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Beauty with Brains

The watch sports a 42 mm circular case in black along with a 20 mm interchangeable black band.
twitter-logoNidhi Singal | Print Edition: December 30, 2018
Beauty with Brains

In the huge clutter of smartwatches, this one stands out as a perfect blend of looks and performance. The watch sports a 42 mm circular case in black along with a 20 mm interchangeable black band.

It has a bright and circular touch display at the front and is protected with a layer of Corning Gorilla Glass DX+. There is an always-on option that prevents the display from going into the sleep mode and continues to show the watch face in the same way traditional analogue watches do. When turned on, the touch sensitivity option can be used to operate the watch even if you are wearing gloves.

There are two keys on the right for easy access - the top one takes you to the previous screen and the secondary key is used to access apps/watch faces or to turn the watch on/off. Also, the bezel around the display rotates to help with quick navigation across apps, notifications and widgets. Rotating the bezel clockwise from the watch face showed different widgets and turning it anticlockwise showed notifications.

The Galaxy Watch runs on Samsung's Tizen operating system and has a neat, intuitive interface. It took me less than five minutes to configure the watch with the Galaxy Wear app, a comprehensive one featuring all relevant information. Plus, it gives access to a lot of watch faces - both free and paid - to go with every occasion. When connected with a smartphone, it will also fetch e-mail, text messages and WhatsApp notifications in real time. I preferred to read my e-mail on the smartphone but often replied to WhatsApp messages using the preset replies and on-screen keyboard on the watch.

When it comes to health and fitness, the smartwatch automatically tracks footsteps, the number of floors climbed, heart rates and more, all neatly presented in a widget. It can track a wide range of activities such as running, walking, cycling, hiking, swimming, crunches, yoga and exercise on an elliptical trainer/step machine. It detected a spike in my heart rate and automatically recorded the number of steps and calories burnt during a morning walk. I also liked the inactivity alert that suggests some light workout such as torso twist, upward stretch or squats after one has been inactive for an hour or so. The watch also measures the stress level and it turned out to be neutral every time I tried it. But the best part of this gadget is the battery backup. The watch comes with a wireless dock for charging and a full charge, which took close to three hours, lasted me more than three days.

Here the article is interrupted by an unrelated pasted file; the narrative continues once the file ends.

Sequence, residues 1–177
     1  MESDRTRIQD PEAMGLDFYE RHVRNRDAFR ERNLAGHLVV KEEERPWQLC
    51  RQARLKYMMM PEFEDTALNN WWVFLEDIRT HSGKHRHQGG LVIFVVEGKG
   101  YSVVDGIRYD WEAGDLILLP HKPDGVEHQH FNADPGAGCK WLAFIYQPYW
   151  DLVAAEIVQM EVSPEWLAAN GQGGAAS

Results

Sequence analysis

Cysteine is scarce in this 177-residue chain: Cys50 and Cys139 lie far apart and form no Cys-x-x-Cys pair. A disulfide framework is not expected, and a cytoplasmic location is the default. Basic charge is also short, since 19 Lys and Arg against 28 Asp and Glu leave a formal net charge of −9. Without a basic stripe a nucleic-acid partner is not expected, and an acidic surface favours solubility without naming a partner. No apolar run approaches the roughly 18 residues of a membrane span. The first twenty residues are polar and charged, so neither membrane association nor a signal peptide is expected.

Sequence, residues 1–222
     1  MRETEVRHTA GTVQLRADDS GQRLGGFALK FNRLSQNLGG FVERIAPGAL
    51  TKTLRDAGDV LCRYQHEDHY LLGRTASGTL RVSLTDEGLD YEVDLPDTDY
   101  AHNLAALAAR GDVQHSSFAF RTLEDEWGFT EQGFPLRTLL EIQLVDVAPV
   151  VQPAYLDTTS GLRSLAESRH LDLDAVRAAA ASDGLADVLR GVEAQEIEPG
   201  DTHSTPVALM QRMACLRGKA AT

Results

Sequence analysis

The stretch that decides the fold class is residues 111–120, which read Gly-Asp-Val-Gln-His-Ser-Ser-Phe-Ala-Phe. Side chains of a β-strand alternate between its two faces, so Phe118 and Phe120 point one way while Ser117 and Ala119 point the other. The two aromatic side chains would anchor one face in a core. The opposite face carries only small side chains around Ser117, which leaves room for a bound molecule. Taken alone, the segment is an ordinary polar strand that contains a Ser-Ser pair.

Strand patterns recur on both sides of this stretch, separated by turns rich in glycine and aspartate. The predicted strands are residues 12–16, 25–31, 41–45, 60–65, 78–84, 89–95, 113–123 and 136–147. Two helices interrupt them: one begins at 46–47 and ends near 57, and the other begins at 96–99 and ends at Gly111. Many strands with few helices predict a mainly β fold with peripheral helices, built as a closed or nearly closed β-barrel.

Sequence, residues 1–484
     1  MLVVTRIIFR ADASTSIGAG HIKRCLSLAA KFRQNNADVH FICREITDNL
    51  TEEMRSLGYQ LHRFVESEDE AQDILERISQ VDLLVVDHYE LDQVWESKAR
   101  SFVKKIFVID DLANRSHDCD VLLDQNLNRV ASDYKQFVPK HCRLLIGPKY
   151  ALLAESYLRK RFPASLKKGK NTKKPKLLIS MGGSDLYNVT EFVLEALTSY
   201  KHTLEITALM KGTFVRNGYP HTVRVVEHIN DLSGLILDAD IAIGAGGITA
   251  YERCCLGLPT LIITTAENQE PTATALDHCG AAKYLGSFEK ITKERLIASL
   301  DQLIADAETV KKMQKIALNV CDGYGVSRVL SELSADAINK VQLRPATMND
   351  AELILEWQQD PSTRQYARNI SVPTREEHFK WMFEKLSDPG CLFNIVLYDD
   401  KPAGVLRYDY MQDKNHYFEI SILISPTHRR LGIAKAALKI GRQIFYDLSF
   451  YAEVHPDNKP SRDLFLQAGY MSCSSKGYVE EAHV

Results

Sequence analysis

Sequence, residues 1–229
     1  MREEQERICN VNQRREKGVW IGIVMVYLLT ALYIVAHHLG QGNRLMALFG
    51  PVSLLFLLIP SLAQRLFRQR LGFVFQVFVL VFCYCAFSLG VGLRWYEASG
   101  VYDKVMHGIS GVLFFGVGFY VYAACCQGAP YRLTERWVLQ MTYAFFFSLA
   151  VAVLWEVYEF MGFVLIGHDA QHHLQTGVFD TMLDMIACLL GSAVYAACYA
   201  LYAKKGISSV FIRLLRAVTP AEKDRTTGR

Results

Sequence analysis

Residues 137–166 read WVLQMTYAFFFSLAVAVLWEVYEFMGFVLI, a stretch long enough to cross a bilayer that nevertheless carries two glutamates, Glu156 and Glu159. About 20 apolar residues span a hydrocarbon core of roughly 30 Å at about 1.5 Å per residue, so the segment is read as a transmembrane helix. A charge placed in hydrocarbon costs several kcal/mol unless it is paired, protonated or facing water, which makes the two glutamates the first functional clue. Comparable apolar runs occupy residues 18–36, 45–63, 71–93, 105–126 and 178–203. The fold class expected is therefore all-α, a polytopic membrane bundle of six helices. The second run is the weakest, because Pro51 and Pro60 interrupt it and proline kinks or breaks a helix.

Green, Svelte and Feature-rich

The long-awaited MacBook Air has finally arrived with a full makeover, which is bound to please Apple lovers. But the price this time is quite high. The unibody shell is made from a single block of 100 per cent recycled aluminium, it sports a look and feel on a par with the iconic MacBook Pro.

Moreover, the new golden hue (it is also available in space grey and silver) looks stunning, a darker tone instead of the shimmery kind, which reminded me of the rose gold iPhone 6S Plus. Weighing 1.25 kg, this one has the thinnest-ever chassis, and the wedge-shaped design is still there, tapering off to 4.1 mm at the thinnest point. Apple has done away with the aluminium bezels and adopted a glass screen running to the edges.

The sides are also done in black. You also get two USB Type-C ports (Thunderbolt 3) on the left, a 3.5 mm headphone jack on the right, a third-generation 'butterfly' keyboard with individually lit keys, two strips of speaker grilles on each side of the keyboard for immersive sound and the new pressure-sensitive Force Touch Trackpad. Two Type-C ports might feel too few, considering that one will be used for charging. However, the 30W wall-charger bundled in the box juiced up the Air's battery in a couple of hours and lasted over eight hours as I did web browsing, documentation, video streaming and editing - a full day's work.

Everything appears sharp and vibrant on the 13.3-inch Retina Display with 2,560x1,600p resolution. The viewing angles have improved; the new Air displays 48 per cent more colours compared to the previous models. The backlit keyboard was super comfortable to type on, even at night. On the top right corner, next to the F12 key, is the TouchID sensor for unlocking the MacBook, accessing password-protected documents, folder and more, without entering your password. Swiping fingers (often known as gestures) on the big trackpad also makes it easy to navigate. Better still, Force Touch will help you access more options based on subtle differences in figure pressure.

Under the hood, Apple has put a 1.6 GHz dual-core, eighth-generation Intel i5 processor, which is fast and energy efficient. Our review unit was an entry-level device and came with 8 GB of RAM, 128 GB SSD, and the latest macOS Mojave, specially designed for the Mac range. I was able to use it for multitasking, gaming, editing images and videos, on the move. The T2 security chip encrypts data and ensures secure booting. It also has three microphones for enhanced conversations with Siri, which I used for searching documents, launching applications and loading a website on the Safari browser. And Air did not slow down on a single occasion. But if you are looking for more power, go for a MacBook Pro.


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